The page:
The Sadist’s Guide to Using Slack
Adding a sprinkle of chaos to the world of collaborative software.
Warning! This article is for sadists only! Go away, normal human beings who take no pleasure in the suffering of others. There are lots of places you can go that will tell you how to use Slack like a person who doesn’t daydream about tripping small children while they’re holding ice cream cones.
Slack is the wildly popular messaging app that has taken over the brains and cultures of companies everywhere. It sprung into the world in 2013 with a pitchfork in its digital hands and a bib around its digital neck, prepared to feast on all other collaborative software.
We used slack at my old office and introducing it into our daily lives had a huge impact on company culture. Instead of shooting each other in the head with nerf guns, we could send 100 different sarcastic gifs in reaction to being assigned work.
Our level of productivity didn’t change much, but we were able to waste time without moving our arms. And no one likes moving their arms less than a bunch of nerds in a web development agency.
Now that I’m a freelancer, instead of belonging to one centralized Slack account, I belong to roughly 43 million different Slack accounts, each with its own purpose and level of engagement.
So, you could say I’m a bit of an expert when it comes to using Slack.
And while I’m not exactly a sadist, I’ve picked up a few tools and tips that could be useful to any of the sadists out there who are wondering how to increase the misery of everyone on their account.
Slackbot can be a total son of a duck
The Slackbot we all know and love operates like a modern Clippy, performing the important roles of being cute, giving advice and reminding users about important tasks.
But, with the right permissions, Slackbot’s brain can belong to you.
Because there’s this cool thing called Customized Automatic Responses. Normally, this functionality is used to make office life easier. For example, Slackbot can answer commonly asked questions such as “what’s the code to the bathroom?” or “why are we always out of Twinkies?”
These custom responses are triggered when specific words are used in discussions. Take control of them and the world belongs to you.
For example, if someone types the word “Friday,” you can program Slackbot to respond with the full lyrics to Rebecca Black’s seminal musical masterpiece “Friday”.
How is this done?
When you’re on the page for your Slack account, just click on the upper left dropdown menu and choose Customize. Then, select the tab labeled “Slackbot”. From here you can begin to sow the seeds of madness.
Then sit back and wait. The first time it happens, people might think it’s cute. Don’t be discouraged. Repetition is the sadist’s best friend. It won’t take long for everyone to start getting annoyed and threatening to decapitate Slackbot and put his head on a digital pike as restitution for the misery he causes.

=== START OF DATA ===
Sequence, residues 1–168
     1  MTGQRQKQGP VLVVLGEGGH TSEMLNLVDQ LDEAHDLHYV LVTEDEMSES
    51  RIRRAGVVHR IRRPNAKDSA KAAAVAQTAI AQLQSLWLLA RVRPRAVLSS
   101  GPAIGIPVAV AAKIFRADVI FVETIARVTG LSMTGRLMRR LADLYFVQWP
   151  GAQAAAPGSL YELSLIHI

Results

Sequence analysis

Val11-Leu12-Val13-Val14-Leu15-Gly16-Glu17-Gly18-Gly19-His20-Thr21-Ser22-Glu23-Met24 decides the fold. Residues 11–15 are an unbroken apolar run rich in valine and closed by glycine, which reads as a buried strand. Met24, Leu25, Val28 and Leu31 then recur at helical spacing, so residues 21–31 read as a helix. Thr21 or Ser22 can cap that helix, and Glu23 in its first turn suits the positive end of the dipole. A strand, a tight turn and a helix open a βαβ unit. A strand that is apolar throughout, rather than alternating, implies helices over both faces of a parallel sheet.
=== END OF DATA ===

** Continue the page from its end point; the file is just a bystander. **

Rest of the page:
Emojis seem innocent, but they can be little Gods of Torment
Slack also allows you to add custom emojis! This gives you endless opportunities to torture your coworkers.
Switch from the “Slackbot” tab to the “Emoji” tab. In this section you can add as many custom emojis as you wish. (Literally. We managed to add thousands on the old workplace account and never bumped into a limit.)
Everyone has that one image or gif that makes them want to eat pillows and kick politicians. Really get into the minds of your fellow Slack users and find out what makes them crazy. Maybe it’s a sweet potato dancing sensually. Maybe it’s naked Danny Devito emerging from a symbolic birth canal. Maybe it’s sassy Cartman or a sheep taking a satisfying poo.
Make an emoji out of that image or gif and post it continually. If you want to be especially naughty, you can set a customized Slackbot response to the name of the person you wish to torture, comprised only of the emoji they hate.
If you’re looking for easy emojis to add to your Slack account, I recommend checking out Slackmojis. There’s bound to be something there your “friends” will hate.
One more way to multiply despair
“That’s great, Sarah,” you might be thinking. “But I’ve been using Slack for a while and I already knew about custom Slackbot responses and emojis. As a matter of fact, I’ve exhausted every possibility for sadism inherent in their existence. You haven’t helped me at all. I’m going to drop off some bed bugs at your apartment.”
Well, first of all, please don’t do that.
And second of all, I have a third tip, just for you!
Start exploring Slacker. Slacker allows you to post on Slack as various characters. So, when the other users on your account are having an intense conversation about losing a beloved aunt, you can pop in as Captain Picard and tell them, “It is possible to commit no mistakes and still lose.”
It’s a great way to to increase their pain and confusion.
You can even add custom characters to Slacker if you don’t find inspiration in the existing ones.
The Elsa-bot is very traumatic for lots of people. Many Slack users have Frozen-related PTSD from parenting small children. Activate that Elsa-bot and you’ll activate their need to hide in bed all day.
If they figure out you’re the one who is infecting them with constant Disney magic, just tell them to “Let it Go.”
As you can see, Slack is a great playground for sadists, with lots of fun toys and tools. Go forth! Spread suffering and misery! Have at it!
Just stay off my accounts, okay?
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